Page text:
When was the last time you saw a photograph in the newspaper which has a young farmer, using a drone or other form of technology and looking happy while admiring his flourishing fields?
Since the time I can think of, Indian agriculture has been depicted as a sector in rather sad state of affairs- farmers using ploughs driven by bullocks; women manually cutting the harvest; old farmers looking at the sky waiting for monsoons. While the reality of the situation cannot and should not be ignored, we are in the 21st century, and young, dynamic individuals can be encouraged to bring positive disruption in agriculture. For that, depicting agriculture in this sad state, time and again, can be highly frustrating to those who have been witness to the benefits of innovation in this sector. In an age where technology has taken us to the moon, no matter how clichéd it may sound, it fails me why technology hasn’t made the cut in agriculture.
I was talking to the friends of my children, all young college going and dynamic students, but none who want to be a farmer, including those whose parents were born and brought up in a village. Everyone I have met has the ‘city dream’, probably a fault of ours who have glorified the city beyond means. If we had positioned food and agriculture as an evergreen industry, the perceptions perhaps would have been different. Instead we choose to continue being an economy where owning a tractor or having a tubewell is a sign of being a rich farmer, and not a norm.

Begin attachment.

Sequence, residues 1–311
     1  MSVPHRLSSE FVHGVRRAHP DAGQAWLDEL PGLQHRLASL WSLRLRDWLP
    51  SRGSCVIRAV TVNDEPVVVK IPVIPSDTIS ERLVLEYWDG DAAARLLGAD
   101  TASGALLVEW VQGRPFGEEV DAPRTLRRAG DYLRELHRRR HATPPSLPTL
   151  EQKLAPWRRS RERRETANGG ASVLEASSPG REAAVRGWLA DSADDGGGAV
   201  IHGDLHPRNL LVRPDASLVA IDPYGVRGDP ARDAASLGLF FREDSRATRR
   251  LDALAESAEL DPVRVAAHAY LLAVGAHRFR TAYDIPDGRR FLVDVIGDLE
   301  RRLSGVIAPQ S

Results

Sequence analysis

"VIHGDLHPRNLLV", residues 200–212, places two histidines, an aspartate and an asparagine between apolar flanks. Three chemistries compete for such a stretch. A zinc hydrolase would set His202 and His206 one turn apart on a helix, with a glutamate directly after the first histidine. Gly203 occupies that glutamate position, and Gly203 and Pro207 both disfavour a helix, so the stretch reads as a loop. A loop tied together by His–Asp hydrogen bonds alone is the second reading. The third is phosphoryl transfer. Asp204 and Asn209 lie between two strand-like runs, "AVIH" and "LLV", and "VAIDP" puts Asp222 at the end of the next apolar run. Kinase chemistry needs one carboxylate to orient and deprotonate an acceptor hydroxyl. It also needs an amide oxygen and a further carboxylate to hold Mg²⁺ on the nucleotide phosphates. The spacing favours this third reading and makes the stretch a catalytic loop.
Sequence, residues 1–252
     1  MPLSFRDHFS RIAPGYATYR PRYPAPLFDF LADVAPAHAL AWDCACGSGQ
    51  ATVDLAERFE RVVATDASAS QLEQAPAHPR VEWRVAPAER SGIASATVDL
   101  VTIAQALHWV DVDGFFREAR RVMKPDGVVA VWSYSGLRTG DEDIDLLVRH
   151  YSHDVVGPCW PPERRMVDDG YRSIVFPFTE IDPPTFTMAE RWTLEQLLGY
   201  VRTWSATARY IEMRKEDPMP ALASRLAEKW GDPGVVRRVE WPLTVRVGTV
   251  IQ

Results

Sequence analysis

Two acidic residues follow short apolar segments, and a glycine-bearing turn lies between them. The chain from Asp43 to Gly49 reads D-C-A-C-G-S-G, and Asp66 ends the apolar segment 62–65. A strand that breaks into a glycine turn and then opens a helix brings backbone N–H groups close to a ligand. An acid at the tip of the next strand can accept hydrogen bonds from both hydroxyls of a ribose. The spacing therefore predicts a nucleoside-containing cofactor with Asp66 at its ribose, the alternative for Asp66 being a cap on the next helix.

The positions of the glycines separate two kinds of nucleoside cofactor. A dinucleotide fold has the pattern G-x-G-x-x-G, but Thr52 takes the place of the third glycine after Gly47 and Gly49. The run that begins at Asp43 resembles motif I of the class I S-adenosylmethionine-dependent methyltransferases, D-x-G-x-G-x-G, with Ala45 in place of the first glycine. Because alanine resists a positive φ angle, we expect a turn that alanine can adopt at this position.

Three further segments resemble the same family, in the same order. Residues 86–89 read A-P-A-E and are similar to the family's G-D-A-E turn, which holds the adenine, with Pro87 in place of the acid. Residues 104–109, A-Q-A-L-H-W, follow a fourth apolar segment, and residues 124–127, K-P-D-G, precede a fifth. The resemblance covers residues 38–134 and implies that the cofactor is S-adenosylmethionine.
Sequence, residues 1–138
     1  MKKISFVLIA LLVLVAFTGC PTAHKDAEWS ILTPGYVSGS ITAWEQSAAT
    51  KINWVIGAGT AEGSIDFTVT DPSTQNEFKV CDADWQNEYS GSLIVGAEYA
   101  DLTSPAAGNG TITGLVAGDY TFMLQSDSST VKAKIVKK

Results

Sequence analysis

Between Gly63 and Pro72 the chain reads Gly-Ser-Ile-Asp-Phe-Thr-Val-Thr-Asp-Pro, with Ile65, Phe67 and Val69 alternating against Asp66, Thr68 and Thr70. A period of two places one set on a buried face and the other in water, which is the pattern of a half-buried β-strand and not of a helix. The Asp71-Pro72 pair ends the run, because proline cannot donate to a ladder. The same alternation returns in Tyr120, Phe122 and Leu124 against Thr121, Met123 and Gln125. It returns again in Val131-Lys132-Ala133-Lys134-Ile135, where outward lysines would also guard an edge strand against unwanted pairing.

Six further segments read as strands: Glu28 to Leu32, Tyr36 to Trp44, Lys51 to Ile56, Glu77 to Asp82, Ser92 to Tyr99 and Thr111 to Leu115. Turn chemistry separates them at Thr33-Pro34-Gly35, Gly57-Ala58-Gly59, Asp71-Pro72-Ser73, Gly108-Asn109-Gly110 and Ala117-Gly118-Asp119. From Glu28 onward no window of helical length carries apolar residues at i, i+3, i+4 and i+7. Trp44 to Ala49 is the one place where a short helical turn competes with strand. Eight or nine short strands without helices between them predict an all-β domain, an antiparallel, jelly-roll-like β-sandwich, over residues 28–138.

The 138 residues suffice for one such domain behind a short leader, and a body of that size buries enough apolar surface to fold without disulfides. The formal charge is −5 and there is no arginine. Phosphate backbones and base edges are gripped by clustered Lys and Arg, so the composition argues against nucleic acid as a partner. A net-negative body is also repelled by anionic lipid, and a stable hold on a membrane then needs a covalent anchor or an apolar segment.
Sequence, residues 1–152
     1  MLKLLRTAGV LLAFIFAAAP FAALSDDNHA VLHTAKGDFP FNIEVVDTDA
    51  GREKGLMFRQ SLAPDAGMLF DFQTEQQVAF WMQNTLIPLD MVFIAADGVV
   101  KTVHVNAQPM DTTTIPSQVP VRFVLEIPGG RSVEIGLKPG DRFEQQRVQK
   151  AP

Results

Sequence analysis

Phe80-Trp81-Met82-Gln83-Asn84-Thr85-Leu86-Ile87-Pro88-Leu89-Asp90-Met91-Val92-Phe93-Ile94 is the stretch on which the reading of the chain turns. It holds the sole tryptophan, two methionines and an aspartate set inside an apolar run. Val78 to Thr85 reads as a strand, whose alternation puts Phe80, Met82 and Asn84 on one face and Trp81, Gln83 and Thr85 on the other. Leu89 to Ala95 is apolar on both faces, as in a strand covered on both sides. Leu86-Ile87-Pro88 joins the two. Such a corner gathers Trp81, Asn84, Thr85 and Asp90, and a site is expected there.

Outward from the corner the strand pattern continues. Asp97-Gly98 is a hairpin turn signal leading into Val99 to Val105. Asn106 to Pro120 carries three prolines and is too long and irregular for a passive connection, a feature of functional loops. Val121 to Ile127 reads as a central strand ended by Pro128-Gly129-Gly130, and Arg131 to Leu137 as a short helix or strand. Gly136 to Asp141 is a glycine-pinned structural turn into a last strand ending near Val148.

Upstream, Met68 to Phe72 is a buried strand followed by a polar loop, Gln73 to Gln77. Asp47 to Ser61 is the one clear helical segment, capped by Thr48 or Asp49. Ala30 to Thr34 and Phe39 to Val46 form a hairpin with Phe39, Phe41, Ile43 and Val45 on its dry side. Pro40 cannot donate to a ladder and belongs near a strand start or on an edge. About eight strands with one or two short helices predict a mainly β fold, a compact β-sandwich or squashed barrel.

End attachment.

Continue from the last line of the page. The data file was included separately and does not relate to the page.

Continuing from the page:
When India wants to move towards 2050 with the millenials, and proving it’s worth in all sectors, against the developed countries, we still continue to be a nation where 50% of population is engaged in farming but yet considered, for lack of better word, ‘cool’.
Instead, if we encourage precision farming- because it is amazing how much one can do if technology is leveraged, we can certainly bring back the youth into agriculture, and make it one of the most progressive sectors. Through positive disruption, such as using drones to assess geographical conditions to predicting the climate conditions, using optimum resources, and better seeds, precision farming can bring the stability agriculture lacks right now.
As someone who has been speaking to students across India, I do see the potential for collaborative work between companies, scientists, students, policy makers and government, to bring in the technical know-how and understanding. By giving the farmers, access to technologies so that they can become self sustainable, we will be able to create a huge opportunity for youth to expedite and facilitate this transition.
There is a need to genuinely work together to bring technology- especially components of precision farming to agriculture and make a sustainable impact. Instead of subsidizing let us work together to empower the farmers to earn and own these technologies.
As the next gen stepping into the corporate world- I hope we all can play a role in bringing that exposure to villages through initiatives, companies, NGOs, startups and any other tool, to identify opportunities and make a difference!
The future maybe ahead of us, but it is something we need to start preparing for- now.
-Kaustubh Joshi, EXIM, Mahyco